Federal Issues

    On May 5, the OCC announced that it had put a Wisconsin-based a federal savings association (Bank) with branches in five states into receivership and appointed the FDIC as receiver. According to the OCC, the decision to close the Bank was made after determining that the Bank: (i) had experienced substantial dissipation of assets or earnings due to unsafe or unsound practices; (ii) was significantly undercapitalized; and (iii) failed to submit a capital restoration plan acceptable to the OCC.

    To protect the depositors, the FDIC announced it has entered into a purchase and assumption agreement with a North Carolina-based bank to assume all of the failed Bank’s deposits and to purchase approximately $892 million of the failed Bank’s assets. The remaining assets will be retained by the FDIC for later disposition. The North Carolina bank announced that it will reopen 12 of the failed Bank’s brick-and-mortar locations but will not reopen any of the failed Bank’s 107 branches in retail outlets. Current FDIC estimates are that this failure—the fifth FDIC-insured institution to fail this year—will cost the Deposit Insurance Fund (DIF) $146.4 million. This closely follows the April 28 closure of a New Orleans-based bank, which the FDIC estimates will cost the DIF almost $1 billion.

    Federal Issues OCC FDIC

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  • Financial CHOICE Act of 2017 Approved by House Financial Services Committee

    Federal Issues

    On May 4, GOP efforts to overhaul existing financial regulations took a step forward as the House Financial Services Committee approved H.R. 10, a revised version of the “Financial CHOICE Act of 2017” in a party-line vote, 34-26. The vote concluded a two week period that included both a three-day markup, of the GOP-backed legislation—during which several Democrat committee members sought, unsuccessfully, to remove various provisions of the bill—and, a two-day hearing that included testimony from 18 different witnesses.

    • An Executive Summary of the proposed legislation is available here.
    • A Comprehensive Summary of the proposed legislation is available here.
    • A copy of the Legislative Text of the proposed legislation is available here.

    Originally introduced by Committee Chairman Jeb Hensarling (R-TX) in September 2016, the main focus of the CHOICE Act was to give financial institutions the option of avoiding many of the rules set up by the 2010 Dodd-Frank law if they maintain a high level of capital and are “well-managed” as defined in the bill. The legislation, if enacted, would also end the Dodd-Frank Act’s taxpayer-funded bailouts of large financial institutions and would impose greater penalties on those who commit fraud and insider trading, while also demanding greater accountability from banking regulators. A summary of changes incorporated in the latest iteration of the proposed legislation—recently referred to as “CHOICE Act 2.0”—was released by the Committee last week and included, among other things:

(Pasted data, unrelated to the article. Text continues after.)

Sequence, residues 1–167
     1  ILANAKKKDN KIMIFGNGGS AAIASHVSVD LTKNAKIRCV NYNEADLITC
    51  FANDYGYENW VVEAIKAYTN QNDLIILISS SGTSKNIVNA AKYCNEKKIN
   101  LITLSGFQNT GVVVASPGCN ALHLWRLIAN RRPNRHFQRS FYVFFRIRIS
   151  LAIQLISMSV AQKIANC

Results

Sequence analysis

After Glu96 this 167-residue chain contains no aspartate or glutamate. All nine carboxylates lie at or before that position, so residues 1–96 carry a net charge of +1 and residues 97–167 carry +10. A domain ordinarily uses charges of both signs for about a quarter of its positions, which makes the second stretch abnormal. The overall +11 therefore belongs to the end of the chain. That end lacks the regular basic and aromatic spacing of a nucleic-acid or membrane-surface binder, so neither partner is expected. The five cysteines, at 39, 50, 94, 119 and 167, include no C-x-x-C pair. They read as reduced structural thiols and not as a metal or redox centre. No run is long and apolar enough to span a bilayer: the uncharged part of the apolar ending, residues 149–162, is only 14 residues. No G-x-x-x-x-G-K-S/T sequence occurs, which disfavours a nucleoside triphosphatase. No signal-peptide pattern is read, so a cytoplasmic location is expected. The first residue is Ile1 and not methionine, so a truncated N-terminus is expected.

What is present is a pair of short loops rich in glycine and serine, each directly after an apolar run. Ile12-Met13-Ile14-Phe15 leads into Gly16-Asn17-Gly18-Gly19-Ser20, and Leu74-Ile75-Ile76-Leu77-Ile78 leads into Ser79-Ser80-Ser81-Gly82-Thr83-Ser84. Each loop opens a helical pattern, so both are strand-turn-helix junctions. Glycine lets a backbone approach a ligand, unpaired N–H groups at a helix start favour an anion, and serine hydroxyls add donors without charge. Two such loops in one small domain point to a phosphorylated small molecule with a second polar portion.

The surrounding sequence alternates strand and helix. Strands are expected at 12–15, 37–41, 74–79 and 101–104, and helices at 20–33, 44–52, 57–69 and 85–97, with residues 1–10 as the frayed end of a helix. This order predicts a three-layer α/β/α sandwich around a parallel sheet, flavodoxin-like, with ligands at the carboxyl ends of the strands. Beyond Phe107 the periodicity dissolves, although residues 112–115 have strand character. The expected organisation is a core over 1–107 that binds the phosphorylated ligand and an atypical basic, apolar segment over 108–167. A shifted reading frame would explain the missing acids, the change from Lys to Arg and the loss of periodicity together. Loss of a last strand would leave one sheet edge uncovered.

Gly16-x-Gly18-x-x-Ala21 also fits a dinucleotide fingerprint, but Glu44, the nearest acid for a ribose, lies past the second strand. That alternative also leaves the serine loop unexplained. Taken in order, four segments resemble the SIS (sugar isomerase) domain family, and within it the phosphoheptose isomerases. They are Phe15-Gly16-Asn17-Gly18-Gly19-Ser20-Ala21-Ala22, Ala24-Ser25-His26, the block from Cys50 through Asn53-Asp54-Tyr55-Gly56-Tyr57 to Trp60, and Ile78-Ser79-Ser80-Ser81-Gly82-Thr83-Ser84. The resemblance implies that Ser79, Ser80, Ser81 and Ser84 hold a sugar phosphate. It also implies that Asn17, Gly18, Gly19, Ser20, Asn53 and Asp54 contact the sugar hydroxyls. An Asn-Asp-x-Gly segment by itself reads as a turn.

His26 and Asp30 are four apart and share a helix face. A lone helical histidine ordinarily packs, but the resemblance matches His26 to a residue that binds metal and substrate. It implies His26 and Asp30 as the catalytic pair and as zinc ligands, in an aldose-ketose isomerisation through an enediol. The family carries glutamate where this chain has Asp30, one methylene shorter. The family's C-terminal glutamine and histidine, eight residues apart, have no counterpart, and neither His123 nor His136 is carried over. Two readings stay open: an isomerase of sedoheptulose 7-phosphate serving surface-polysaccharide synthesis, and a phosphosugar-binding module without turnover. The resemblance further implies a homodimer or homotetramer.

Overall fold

• the elimination of the CFPB supervisory and examination authority;
    • a restructuring of the CFPB, FHFA, OCC, and FDIC into bipartisan commissions appointed by the President;
    • an opt-out of many regulatory requirements for banks and other financial institutions if they maintain a 10% leverage ratio (among other conditions);
    • subjecting the federal banking regulators to greater congressional oversight and tighter budgetary control;
    • reforms in bank stress tests;
    • materially reducing the authority of the Financial Stability Oversight Council (FSOC) and the establishment of a new process of identifying financial institutions as "systemically important";
    • a repeal of the Orderly Liquidation Authority and the creation of a new bankruptcy process for banks;
    • a repeal of the Volcker Rule; and
    • facilitated capital raising by small companies, including through crowd-funding.

    Looking ahead, the House could vote to pass the bill later this month. While a party-line vote would pass the House, the bill will likely need to pick up a minimum of 60 votes—including support from several Democrats—in order for it to pass in the Senate.

    Federal Issues House Financial Services Committee Financial CHOICE Act Congress Dodd-Frank CFPB FHFA OCC FDIC

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  • FDIC Releases May List of CRA Compliance Examinations

    Lending

    On May 3, the FDIC published its monthly list of state nonmember banks recently evaluated for compliance with the Community Reinvestment Act (CRA). The list reports CRA evaluation ratings assigned to institutions in February 2017. Monthly lists of all state nonmember banks and their evaluations that have been made publically available can be accessed through the FDIC’s website. As noted by the FDIC, the CRA is “intended to encourage insured banks and thrifts to meet local credit needs, including those of low- and moderate-income neighborhoods, consistent with safe and sound operations.”

    Lending Consumer Finance CRA FDIC

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  • FDIC Releases List of Enforcement Actions Taken Against Banks and Individuals in March 2017

    Courts

    On April 28, the FDIC released its list of 24 administrative enforcement actions taken against banks and individuals in March. Among the consent orders on the list are civil money penalties for violations of the Food Disaster Protection Act of 1973 and its flood insurance requirements. An additional six actions listed relate to unsafe or unsound banking practices and breaches of fiduciary duty, including five removal and prohibition orders. There are no administrative hearings scheduled for May 2017. The FDIC database containing all of its enforcement decisions and orders may be accessed here.